Just days after Google scrapped its controversial search engine project in China, a leading aerospace firm helmed the successful launch of the country’s first communication satellite for space-based broadband services on Saturday, December 22. In an apparent bid to rival Google and other global firms, the Hongyun project aims to set up a low-cost, high-performance satellite network with the help of 156 satellites by 2023.
Launched in a Long March 11 solid-fuel carrier rocket from the Jiuquan Satellite Launch Centre in north-western China, this is the first of at least four mass-production cyber satellites to take off as part of the Hongyun project by 2020.
What is the Hongyun experiment?
Inaugurated in 2016, the project is led by China Aerospace Science and Industry Corp. (CASIC) with a vision to build a space-based communications network that is able to offer broadband internet connectivity to users around the world, especially in remote and underserved regions. The network will constitute some 150 communication satellites, situated in earth’s lower orbit (at an altitude of 160 to 2,000 km) with each of them transmitting 500 megabytes of data per second. It is expected to become operational by 2022.
According to state-run media reports, the spacecraft, which is currently in orbit, has been equipped to test and verify the first Hongyun satellite’s designs and demonstrate its ability to offer low-orbit broadband communications technologies. Expected to operate a little longer than its design-life of one year, the 247 kg satellite works in a sun-synchronous orbit about 1,100 kilometres above earth and is powered by solar arrays, said Xiang Kaiheng, chief designer of the satellite and associated with CASIC Space Engineering Development Co. Ltd.
After a year-long in-orbit technological demonstration by the satellite, CASIC plans to launch four more by the end of 2020 so as to form a small-scale network of sorts to give Hongyun a trial run, Xiang said according to China Daily. Operational satellites will be launched after the first tests of the baseline network prove successful.
The next phase of the project would involve placing 150 such satellites in orbits about 1,000 km above the ground by 2023, followed by further expansion of the constellation depending on market demand.
Expansion of the Chinese tech sector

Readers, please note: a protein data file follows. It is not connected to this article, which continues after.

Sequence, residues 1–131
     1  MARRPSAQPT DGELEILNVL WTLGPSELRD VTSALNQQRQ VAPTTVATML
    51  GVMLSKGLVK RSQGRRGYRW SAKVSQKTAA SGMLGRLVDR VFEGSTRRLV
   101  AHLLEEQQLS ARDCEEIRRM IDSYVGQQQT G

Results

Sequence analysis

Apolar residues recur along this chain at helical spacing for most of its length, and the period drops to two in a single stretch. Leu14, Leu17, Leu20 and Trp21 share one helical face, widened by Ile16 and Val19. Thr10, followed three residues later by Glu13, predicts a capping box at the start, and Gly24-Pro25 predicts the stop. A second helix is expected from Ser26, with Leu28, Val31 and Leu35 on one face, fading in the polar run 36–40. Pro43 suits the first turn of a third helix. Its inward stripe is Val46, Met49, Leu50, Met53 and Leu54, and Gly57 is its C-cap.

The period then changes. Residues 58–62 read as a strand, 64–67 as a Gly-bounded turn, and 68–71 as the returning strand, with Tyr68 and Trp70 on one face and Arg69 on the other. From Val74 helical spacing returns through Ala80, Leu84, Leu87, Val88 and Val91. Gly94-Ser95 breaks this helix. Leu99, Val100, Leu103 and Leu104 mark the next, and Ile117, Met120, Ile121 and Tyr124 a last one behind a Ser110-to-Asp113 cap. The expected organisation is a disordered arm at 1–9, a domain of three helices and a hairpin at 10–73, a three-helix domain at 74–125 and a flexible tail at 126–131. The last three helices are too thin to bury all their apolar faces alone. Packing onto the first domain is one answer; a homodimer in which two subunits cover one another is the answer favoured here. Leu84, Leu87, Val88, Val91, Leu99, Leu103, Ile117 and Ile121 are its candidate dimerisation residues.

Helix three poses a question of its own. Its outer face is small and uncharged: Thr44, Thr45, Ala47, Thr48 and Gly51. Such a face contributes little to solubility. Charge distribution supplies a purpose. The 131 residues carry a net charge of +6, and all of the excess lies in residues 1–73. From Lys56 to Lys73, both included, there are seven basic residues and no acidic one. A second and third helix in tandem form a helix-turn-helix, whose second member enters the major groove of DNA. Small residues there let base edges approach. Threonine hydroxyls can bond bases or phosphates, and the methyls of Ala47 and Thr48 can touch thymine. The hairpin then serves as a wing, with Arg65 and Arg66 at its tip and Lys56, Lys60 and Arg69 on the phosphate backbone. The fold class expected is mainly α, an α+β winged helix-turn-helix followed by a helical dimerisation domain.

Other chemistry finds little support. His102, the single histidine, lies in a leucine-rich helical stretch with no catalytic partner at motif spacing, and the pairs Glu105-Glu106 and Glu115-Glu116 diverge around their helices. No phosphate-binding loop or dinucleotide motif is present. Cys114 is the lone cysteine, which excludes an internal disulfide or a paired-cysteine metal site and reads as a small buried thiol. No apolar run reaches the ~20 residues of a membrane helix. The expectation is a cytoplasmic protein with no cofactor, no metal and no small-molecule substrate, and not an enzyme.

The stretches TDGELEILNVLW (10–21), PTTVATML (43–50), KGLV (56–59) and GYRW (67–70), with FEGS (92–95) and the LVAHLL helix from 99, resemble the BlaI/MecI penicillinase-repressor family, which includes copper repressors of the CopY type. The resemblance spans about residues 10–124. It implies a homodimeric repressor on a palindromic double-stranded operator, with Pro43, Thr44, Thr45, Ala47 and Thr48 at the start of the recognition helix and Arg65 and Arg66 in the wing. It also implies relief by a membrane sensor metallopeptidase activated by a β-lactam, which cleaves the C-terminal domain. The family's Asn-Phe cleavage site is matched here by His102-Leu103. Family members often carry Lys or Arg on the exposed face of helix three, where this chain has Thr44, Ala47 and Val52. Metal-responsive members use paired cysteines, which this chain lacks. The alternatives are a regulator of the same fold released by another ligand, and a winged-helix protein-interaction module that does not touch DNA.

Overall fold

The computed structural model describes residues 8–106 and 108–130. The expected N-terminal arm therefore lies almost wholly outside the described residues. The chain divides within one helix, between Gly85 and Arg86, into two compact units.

This makes the recent launch of China’s first COM-SAT potentially historic, as it marks the country’s entry into the thriving internet service-providing sector worldwide. China also successfully launched three high orbit satellites in the last two months itself, in order to boost its home-grown BeiDou global satellite navigation system, currently being developed to rival the US’ Global Position System (GPS), Russia’s GLONASS and the European Union’s Galileo. This project also extended navigation services to all those countries in the China-proposed Belt and Road Initiative (BRI).
According to experts, the Hongyun project will enable complete coverage of communications, navigation, remote sensing, cater to application demands like sensor data acquisition, industrial Internet of Things, and remote control of unmanned vehicles.
The Hongyun launch further comes amidst mounting concern regarding China’s regulations and fierce privacy laws when it comes to sharing information within and beyond borders or being surveilled by the rest of the world. Media (including social media) is either monitored with a fine-tooth comb or banned by the state, to avoid misinformation and misrepresentation of the government on a global platform. The country even has its own version of Facebook, Twitter, email service providers
Need for speed
Today, industry players across the globe have co-opted the concept of running and providing cost-effective, affordable yet speedy internet services. Google, SpaceX, OneWeb and Telesat are among those that have already begun working on using satellites to provide free internet access. NASA claims that the Hongyun network will have even lower production and operational costs and fewer occurrences of data transmission delays than existing communication satellite networks.
According to news reports, another Chinese internet firm recently announced a plan to put together a constellation of 272 satellites for free WiFi access in the country. On a grander scale, Elon Musk’s SpaceX also launched two experimental satellites last month to test the communication tech involved in the ambitious Starlink project, which aims to put a total of nearly 12,000 satellites into orbit by the mid-2020s. US firm OneWeb also reportedly plans to launch a satellite constellation of 648 low-Earth orbit microsatellites by the end of 2019.
Once the Hongyun project is successful, the Chinese network will offer global coverage and round-the-clock communication services to users facing difficulty in accessing telecommunication and internet services, especially in polar regions, and even aboard a ship or an aircraft. The successful launch notes China’s progress in mapping the low-orbit broadband communication satellite system and a disruption in the global sector.
Prarthana Mitra is a staff writer at Qrius
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